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Seven Rookie Retiree Mistakes to Avoid

USA Today asked financial experts to list the biggest mistakes people make during their first year of retirement.

The newspaper then narrowed down the list to seven key missteps.

  1. Not having a financial or a life plan: A large number of people head into retirement without either a financial plan or a lifestyle plan. The latter covers what a new retiree intends to do to bring meaning and fulfillment to his life.
  2. Overspending: It’s easier to shop more or take more vacations in retirement because there is more time for such activities. Yet, if a new retiree tries to enjoy all of the activities he has been deferring during his working years, he may end reducing his savings more than he should.
  3. Claiming Social Security too early: Delaying the age at which benefits are claimed can make a big a difference in lifetime wealth.
  4. Being too conservative with investments and not considering inflation: Rising prices will erode a retiree’s purchasing power if too conservative of an allocation is followed. USA Today cited John Sweeney of Fidelity suggesting 65-year olds allocate half or more of the portfolios to stocks.
  5. Retiring too early: A retiree may never come close to replacing the income he realized during his full-time working years. Jeremy Kisner of Surevest Wealth Management told the newspaper that while 69% of people plan to work after retirement, only 27% actually do.
  6. Underestimating life expectancy: Retirees may live much longer than they expect to. Half of all men who reach age 65 will live another 17 years, while women can look forward to an additional 21 years. Longer life-spans extend the period a portfolio has to last.
  7. Not having a health care strategy: One of the biggest expenses retirees can expect to face is health care. Having a plan for long-term care can make a big difference protecting one’s finances.

Source: “7 Big Mistakes to Avoid in First Year of Retirement,” USA Today, December 4, 2013.


Discussion

William Schmonsees from OR posted 9 months ago:

I suggest that conventional financial advice is too conservative. I have been retired (unwillingly) since age 58 (2005) and have been 90% invested in stocks since then. I took SS at age 62; suffered through the market collapse; regaled in its rebound. My net income is about the same as it was in 2006; net worth down about 20%, mostly due to home depreciation. We live comfortably. I see no reason to invest in CD's or similar low yielding vehicles.


D Monchil from WA posted 9 months ago:

My long term care company went bankrupt and my wife's raised the premium a staggering amount. Long term care insurance is a gamble.
Will the company be there when you need it and will they be able to pay anything?


Phil Morgan from VA posted 9 months ago:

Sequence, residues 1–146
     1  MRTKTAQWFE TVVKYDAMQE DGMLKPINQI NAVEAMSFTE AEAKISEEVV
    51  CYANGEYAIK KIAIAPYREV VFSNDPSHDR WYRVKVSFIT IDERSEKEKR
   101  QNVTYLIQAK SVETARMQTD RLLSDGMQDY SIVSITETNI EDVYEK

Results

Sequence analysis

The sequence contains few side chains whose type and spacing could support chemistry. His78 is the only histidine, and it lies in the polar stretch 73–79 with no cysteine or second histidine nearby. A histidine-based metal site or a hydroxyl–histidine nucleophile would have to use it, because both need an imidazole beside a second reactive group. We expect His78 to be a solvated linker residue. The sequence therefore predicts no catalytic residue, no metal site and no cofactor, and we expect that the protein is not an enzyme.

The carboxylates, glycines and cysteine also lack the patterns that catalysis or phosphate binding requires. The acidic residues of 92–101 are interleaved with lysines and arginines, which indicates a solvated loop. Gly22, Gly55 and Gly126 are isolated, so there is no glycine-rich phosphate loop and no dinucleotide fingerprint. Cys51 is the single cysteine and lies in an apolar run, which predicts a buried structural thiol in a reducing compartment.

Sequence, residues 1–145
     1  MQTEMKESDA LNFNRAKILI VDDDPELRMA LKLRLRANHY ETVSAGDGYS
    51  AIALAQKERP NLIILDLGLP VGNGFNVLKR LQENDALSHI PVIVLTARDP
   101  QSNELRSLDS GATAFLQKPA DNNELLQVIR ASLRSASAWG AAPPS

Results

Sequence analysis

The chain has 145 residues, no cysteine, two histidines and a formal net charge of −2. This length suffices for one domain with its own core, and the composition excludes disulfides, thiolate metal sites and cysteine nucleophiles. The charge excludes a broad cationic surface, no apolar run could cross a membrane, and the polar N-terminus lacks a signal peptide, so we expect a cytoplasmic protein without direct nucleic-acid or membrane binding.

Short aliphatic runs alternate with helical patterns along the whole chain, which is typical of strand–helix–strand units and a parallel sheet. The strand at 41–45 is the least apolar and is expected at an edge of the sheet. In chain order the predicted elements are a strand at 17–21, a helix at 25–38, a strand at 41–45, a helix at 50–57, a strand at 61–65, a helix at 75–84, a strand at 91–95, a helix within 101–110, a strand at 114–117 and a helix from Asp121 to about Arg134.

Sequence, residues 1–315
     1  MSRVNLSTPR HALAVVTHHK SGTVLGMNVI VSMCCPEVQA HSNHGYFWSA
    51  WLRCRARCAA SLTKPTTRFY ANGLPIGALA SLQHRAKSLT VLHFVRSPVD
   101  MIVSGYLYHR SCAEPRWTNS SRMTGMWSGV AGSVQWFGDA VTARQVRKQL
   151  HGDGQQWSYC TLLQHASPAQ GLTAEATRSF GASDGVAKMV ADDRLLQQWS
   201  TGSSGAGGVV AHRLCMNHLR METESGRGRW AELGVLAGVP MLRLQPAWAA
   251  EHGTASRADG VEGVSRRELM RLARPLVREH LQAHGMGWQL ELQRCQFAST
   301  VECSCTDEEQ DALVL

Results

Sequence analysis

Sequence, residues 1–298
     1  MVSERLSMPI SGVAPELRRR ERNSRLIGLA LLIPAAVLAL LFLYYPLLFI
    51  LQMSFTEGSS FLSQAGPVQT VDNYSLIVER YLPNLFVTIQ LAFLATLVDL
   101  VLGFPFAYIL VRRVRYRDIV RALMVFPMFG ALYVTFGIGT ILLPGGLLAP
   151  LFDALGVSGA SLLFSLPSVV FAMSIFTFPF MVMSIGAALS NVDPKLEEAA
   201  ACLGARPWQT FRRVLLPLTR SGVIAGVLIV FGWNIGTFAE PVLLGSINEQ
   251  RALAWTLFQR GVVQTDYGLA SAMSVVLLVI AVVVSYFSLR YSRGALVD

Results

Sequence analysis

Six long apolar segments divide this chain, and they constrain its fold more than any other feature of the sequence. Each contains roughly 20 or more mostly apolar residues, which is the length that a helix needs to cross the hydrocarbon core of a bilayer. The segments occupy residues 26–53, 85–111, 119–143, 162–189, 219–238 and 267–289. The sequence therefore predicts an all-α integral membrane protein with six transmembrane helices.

I also agree that conventional advice is too conservative. I was watching an interview with Warren Buffet last week and he was asked how he would invest for his wife for when he was no longer alive. Without hesitation he said 90% in SP500 stocks and 10% short term bonds. That way, if the market was down, Warren's wife could use some of the bond money to get by until the market regained it's upward direction, which Warren claims it always does.


James Leever from MI posted 9 months ago:

I've never personally owned bonds. I keep 2-3 years of cash available to ride out the bumps in the market and invest the rest in stocks - SSR and Shadow Stock Portfolio. It has served me well. I earn much more than I take out, so my heirs may live better than I do. The "Withdrawal Plans, How Long Will My Money Last?", issued by AAII in 2003 gives me confidence that I am on the correct track and needn't loose sleep worrying about money.


Bill Gottdenker from NJ posted 9 months ago:

I mildly disput the point about taking Social Security too early. While I really didn't need it, I choose to take SS at 62 because it would have taken me 15 years to recoup the payments I would have forgone had I opted to begin at age 66. This calculation didn't even take into consideration cola increases or the possible( probable ) decline in the value of the dollar.


Bill Gottdenker from NJ posted 9 months ago:

I mildly dispute the point about taking Social Security too early. While I really didn't need it, I choose to take SS at 62 because it would have taken me 15 years to recoup the payments I would have forgone had I opted to begin at age 66. This calculation didn't even take into consideration cola increases or the possible( probable ) decline in the value of the dollar.


Steve Laube from GA posted 9 months ago:

Agree, the Monte Carlo simulations that lead to the recommended 4-5% withdrawal typically withdraw from stocks even when the market is down, use a less than 50% allocation to stocks, and also put running out of money in 29 years and eleven months into the "bad column." Monte Carlo "random sampling" removes the business cycle, allowing say 4 "down big years" in a row to be counted when it has never happened. Last, for many retirees (if you belong to AAII you are one of them) inflation is overstated as your relatively high lifestyle will unfortunately diminish with age; lowering your personal inflation.


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